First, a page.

Qatar's royal family raised its stake in Britain's J. Sainsbury to 25%, boosting the supermarket chain's shares amid expectations it could be forced to sell property and return billions of pounds to shareholders.
Delta (Two), a vehicle of the royal family of the Gulf arab state, said it had purchased 123 million Sainsbury shares or 7.07% of the total at 595 pence apiece.
The 732 million pounds ($1.4 billion) purchase made Qatar the largest single shareholder in Sainsbury, topping the founding Sainsbury family's holding which was put at 18% in late April.
The announcement of the share purchase at a 5.3% premium to Thursday's closing price sent Sainsbury shares up 4.4% to 590 pence at London close. The stock hit a record 599p, valuing the firm at around 11 billion pounds.
"This (property) is the asset that Delta is interested in and with the purchase being at 595p, we believe that the shares will trade above 600p," Panmure Gordon's Philip Dorgan said.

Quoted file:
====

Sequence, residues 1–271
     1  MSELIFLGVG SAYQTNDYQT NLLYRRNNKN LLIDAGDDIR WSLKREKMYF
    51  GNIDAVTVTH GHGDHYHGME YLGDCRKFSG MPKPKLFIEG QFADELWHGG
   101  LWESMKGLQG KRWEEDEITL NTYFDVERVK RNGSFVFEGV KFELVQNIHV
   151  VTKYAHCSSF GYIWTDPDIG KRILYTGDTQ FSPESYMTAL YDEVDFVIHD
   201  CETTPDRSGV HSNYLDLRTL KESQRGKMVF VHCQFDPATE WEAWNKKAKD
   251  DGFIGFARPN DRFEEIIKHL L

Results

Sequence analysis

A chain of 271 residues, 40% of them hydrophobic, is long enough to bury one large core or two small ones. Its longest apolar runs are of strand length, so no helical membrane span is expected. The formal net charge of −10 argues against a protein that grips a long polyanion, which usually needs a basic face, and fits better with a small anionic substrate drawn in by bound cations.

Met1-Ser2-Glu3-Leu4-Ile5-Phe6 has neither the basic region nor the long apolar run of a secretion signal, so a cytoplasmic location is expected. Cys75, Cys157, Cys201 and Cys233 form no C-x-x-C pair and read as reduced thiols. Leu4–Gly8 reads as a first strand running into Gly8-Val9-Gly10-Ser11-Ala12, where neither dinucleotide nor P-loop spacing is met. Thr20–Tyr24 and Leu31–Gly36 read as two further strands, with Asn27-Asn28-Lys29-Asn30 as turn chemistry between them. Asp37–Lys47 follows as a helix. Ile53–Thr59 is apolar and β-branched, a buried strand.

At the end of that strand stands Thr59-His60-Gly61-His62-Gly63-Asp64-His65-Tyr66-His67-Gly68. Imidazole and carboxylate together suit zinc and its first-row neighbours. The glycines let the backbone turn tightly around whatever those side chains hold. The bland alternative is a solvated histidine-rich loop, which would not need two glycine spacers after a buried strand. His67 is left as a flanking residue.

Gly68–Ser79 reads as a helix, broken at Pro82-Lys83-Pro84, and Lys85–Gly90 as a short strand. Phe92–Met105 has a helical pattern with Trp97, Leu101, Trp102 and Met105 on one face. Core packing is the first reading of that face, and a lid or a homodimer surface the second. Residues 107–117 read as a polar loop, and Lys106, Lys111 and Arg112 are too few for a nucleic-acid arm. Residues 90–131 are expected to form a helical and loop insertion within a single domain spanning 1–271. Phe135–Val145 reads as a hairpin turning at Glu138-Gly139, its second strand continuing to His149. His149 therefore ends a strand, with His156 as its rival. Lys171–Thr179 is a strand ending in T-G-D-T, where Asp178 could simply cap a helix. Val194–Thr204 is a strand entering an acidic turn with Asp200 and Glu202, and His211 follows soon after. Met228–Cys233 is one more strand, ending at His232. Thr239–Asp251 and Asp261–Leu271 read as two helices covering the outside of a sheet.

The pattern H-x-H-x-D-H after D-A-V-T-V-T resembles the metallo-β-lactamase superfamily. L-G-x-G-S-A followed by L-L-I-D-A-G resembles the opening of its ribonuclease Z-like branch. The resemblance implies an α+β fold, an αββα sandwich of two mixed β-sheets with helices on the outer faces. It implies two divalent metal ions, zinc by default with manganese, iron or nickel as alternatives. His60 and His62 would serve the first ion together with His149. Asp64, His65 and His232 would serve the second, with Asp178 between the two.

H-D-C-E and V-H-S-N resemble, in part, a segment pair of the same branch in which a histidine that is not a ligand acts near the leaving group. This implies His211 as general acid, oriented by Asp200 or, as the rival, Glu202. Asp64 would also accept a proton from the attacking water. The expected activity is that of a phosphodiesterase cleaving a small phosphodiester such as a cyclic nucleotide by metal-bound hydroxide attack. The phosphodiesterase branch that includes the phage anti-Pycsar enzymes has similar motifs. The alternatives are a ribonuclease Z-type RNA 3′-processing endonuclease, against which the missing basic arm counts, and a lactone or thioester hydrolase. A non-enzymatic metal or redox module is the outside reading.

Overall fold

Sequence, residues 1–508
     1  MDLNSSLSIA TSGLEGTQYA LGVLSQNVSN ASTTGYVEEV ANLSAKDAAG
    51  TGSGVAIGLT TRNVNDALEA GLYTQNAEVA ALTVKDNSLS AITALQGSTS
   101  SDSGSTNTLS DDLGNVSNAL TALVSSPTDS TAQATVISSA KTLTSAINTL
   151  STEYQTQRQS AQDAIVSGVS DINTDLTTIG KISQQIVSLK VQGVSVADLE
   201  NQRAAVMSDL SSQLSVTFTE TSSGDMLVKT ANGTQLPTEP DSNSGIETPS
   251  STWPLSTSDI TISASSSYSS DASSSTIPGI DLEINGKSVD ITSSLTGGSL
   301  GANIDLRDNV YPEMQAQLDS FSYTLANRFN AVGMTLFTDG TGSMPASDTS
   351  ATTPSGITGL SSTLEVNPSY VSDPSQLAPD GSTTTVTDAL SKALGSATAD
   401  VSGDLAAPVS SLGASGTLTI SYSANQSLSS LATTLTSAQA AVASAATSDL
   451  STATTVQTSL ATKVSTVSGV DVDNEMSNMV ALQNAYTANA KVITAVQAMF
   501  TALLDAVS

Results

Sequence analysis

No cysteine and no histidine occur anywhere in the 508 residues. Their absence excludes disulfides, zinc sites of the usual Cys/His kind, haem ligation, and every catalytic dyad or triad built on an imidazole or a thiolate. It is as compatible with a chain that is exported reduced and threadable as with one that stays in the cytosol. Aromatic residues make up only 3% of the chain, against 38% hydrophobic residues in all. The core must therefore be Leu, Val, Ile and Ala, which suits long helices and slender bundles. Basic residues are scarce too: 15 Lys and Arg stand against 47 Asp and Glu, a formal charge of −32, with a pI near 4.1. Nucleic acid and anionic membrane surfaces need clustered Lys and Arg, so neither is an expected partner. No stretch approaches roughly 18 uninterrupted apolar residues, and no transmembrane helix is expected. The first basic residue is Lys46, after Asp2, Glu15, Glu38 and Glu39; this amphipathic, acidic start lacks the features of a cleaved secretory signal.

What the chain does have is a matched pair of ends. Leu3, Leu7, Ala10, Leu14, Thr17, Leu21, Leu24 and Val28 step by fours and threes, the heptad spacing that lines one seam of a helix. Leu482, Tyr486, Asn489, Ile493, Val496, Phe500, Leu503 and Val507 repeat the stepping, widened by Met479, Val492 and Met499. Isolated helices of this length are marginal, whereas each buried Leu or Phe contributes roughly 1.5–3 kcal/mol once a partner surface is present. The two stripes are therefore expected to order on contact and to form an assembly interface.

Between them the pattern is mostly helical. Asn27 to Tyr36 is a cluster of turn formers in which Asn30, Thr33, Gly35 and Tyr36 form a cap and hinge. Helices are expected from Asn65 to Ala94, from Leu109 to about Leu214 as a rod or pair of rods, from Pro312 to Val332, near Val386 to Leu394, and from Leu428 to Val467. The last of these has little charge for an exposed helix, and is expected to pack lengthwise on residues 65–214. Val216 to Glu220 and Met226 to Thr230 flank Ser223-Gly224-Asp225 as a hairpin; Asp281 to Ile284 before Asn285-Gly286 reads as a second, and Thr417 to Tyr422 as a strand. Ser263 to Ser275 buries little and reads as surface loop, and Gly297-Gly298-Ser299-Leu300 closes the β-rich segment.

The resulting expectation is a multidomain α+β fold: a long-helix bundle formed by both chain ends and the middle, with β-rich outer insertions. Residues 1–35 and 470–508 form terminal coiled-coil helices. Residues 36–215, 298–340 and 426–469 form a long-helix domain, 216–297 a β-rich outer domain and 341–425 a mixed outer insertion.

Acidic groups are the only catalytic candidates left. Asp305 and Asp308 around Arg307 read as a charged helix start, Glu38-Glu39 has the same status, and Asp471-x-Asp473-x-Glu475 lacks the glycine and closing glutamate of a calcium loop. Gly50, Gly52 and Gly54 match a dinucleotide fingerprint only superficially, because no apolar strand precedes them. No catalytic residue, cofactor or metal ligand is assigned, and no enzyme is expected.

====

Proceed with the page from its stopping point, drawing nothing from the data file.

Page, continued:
The real estate assets of European retailers have been in focus, with Carrefour, Tesco and Sainsbury all coming under pressure from investors to unlock the value of their holdings.
Property tycoon Robert Tchenguiz, with a 5.07% Sainsbury stake, has said he wants the supermarket chain to release the value of its real estate assets, which Sainsbury values at 8.6 billion pounds.
Sainsbury escaped a 10.1 billion pound private equity bid by CVC Capital Partners in April pitched at 582 pence a share, following opposition from the founding family.
The Sainsbury family was not immediately available to comment and Sainsbury declined to comment.
Sainsbury Chief Executive Justin King, who has led the retailer in a turnaround in the three years since he took the top job, said in May the company did not need to sell property or be taken private in order to perform.
Some analysts are sceptical of the company releasing property assets.
"We do not believe that the Sainsbury management or any other outside investors can, without hindering the group's future operational and financial flexibility, suddenly unlock significant value from its freeholds without hindering the group's ... recovery and competitive capability," ABN AMRO analysts said.